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Be teams with Transmeta for long-life appliances

Winning on points, but awaiting the big Kahuna

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Be Inc's relationship with its shareholders continues to resemble one of those weird sex games where you hold your breath just long enough to avoid death by asphyxiation.

It showcased a number of design prototypes at Comdex this week, some old, and some new, and as you might expect, from a technical perspective it walked away with the laurels. However other than Compaq and Ricochet there's no big name licensee yet to establish Be's BeIA platform at the front of the pack.

That's not for lack of trying. BeIA squeezes the OS into around 5 or 6Mb of space - far smaller than comparable Linux devices thanks to some miraculous on-the-fly compression technology - and unlike the established embedded rivals such as QNX offers Flash, Real Player and Opera in the bundle. And from OEM comments, Be's "you design it, we'll draw it" approach to UI customisation went down very well.

FIC and Proview are established licensees, but a few others were evidently flirting with BeIA too. DT Research and Merenta aren't fully fledged licensees, but have built BeIA systems. FIC has also tested a minature 800x640 pad using BeIA, we gather, running Transmeta's Crusoe processor. Be's Tim Self told us that Be has run a number of designs through Transmeta's compatibility labs, and work continues on tweaking BeIA for the low power chip. It's x86 compatible, after all, and although most of Be's prospective OEMs are using using Nat Semi's Geode platform, the company remains pretty agnostic. Compaq's Clipper design - the "open" version of the current MSN Companion that isn't tied to MSN - uses AMD.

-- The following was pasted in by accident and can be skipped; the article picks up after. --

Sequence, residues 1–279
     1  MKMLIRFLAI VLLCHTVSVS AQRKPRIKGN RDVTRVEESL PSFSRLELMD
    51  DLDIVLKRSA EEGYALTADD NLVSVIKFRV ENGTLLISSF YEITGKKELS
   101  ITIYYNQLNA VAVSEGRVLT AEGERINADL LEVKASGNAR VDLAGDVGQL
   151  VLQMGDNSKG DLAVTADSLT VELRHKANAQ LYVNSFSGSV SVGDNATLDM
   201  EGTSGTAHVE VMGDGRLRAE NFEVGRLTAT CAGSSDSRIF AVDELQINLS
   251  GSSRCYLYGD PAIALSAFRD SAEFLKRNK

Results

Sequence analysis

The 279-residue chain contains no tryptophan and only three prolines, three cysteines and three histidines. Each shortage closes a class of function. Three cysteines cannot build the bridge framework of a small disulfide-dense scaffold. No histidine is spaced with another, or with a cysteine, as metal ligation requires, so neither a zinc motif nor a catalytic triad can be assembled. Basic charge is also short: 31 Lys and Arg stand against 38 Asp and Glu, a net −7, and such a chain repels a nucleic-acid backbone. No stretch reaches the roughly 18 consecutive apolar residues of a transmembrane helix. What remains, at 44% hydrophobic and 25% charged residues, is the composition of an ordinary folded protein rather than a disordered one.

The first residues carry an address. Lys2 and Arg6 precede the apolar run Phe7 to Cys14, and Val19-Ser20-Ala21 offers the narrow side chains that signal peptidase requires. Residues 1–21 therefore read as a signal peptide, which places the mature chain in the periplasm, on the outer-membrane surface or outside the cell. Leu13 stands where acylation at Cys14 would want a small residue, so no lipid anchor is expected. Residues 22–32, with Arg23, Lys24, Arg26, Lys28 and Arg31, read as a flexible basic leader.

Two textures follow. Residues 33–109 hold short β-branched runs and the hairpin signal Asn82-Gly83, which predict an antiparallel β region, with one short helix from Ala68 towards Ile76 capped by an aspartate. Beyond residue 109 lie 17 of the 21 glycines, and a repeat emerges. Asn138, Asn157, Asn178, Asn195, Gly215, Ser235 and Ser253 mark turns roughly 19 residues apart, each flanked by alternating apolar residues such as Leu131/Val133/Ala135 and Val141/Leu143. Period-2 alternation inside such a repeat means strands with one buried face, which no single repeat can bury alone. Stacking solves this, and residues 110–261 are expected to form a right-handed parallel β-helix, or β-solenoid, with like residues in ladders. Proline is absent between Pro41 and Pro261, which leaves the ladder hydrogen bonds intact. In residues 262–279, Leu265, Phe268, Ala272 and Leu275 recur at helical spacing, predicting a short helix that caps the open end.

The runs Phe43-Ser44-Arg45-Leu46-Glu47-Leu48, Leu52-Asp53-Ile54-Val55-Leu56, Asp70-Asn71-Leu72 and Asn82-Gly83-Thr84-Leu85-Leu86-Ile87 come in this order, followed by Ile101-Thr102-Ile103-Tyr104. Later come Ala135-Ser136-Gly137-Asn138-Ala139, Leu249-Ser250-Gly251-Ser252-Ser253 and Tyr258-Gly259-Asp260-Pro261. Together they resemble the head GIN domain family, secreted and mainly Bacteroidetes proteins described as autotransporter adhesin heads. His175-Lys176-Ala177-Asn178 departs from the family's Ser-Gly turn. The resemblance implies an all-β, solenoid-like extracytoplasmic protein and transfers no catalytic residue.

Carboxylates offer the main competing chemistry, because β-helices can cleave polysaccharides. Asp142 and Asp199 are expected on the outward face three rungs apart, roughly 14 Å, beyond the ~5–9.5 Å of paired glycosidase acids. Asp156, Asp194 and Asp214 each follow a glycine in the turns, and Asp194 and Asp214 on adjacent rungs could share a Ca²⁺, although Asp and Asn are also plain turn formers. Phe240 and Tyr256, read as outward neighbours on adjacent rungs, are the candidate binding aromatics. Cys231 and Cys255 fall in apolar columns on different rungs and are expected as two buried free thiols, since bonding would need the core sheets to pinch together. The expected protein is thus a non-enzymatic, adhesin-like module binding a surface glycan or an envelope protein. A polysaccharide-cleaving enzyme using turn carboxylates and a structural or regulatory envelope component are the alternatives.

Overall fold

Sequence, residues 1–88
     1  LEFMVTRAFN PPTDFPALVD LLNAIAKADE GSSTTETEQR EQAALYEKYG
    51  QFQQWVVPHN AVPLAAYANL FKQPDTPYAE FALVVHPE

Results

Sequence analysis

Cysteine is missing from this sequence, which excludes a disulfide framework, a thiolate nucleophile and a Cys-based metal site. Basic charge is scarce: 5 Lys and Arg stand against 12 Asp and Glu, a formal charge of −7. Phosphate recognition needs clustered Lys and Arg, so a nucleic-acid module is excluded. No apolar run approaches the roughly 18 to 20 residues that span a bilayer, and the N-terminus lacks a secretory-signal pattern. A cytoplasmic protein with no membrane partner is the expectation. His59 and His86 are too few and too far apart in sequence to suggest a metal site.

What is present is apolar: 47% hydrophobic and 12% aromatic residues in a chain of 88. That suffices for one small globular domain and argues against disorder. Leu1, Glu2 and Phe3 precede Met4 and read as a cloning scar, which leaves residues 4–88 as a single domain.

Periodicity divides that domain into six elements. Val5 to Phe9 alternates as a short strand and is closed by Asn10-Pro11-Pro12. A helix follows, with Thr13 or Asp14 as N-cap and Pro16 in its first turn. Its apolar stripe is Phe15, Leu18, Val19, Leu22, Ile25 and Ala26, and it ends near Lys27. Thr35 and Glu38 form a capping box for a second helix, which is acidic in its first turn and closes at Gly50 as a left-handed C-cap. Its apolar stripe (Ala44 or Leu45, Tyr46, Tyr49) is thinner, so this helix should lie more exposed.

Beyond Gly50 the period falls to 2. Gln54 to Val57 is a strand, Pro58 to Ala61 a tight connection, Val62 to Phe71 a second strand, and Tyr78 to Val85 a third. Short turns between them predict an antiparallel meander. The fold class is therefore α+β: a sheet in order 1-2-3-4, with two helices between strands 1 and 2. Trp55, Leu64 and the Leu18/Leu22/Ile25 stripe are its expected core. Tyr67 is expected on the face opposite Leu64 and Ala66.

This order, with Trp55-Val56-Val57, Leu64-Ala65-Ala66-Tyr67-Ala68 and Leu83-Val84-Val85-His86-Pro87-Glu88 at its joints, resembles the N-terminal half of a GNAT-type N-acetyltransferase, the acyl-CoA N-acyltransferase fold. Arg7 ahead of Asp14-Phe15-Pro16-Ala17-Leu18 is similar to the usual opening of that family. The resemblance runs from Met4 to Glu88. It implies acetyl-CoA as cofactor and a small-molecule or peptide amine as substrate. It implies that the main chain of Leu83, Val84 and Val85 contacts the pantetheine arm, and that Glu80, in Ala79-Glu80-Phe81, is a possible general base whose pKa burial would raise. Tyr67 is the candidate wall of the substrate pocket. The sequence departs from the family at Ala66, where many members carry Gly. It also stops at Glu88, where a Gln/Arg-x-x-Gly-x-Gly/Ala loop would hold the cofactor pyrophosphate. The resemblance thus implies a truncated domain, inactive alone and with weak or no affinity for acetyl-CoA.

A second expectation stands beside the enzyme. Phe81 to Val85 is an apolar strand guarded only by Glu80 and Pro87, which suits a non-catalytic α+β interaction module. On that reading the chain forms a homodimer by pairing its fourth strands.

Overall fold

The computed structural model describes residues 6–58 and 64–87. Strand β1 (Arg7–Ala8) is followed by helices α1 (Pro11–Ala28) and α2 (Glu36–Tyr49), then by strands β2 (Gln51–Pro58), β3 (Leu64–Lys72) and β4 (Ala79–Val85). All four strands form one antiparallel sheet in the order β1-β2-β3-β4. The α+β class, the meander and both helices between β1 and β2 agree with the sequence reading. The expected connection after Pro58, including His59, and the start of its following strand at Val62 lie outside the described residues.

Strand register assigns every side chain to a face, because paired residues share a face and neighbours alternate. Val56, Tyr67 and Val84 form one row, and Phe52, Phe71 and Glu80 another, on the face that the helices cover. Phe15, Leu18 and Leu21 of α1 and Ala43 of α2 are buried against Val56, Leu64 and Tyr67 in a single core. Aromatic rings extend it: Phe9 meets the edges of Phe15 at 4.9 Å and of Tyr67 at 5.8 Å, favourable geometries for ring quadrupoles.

Be also showed its home hi-fi appliance Aura - basically a Be PC disguised as a DVD player, which burns MP3s and plays and catalogues your audio CDs, and acts as a streaming server for all your other appliances. "When people chuck out their CD players, they'll see that this does all the CD player and more," said Self. The targetted price point is $299.

Be - surely by now the world's oldest software start-up - walked away from its glittering desktop OS to focus its resources on embedded consumer appliances in a bet-the-company move in January. ®

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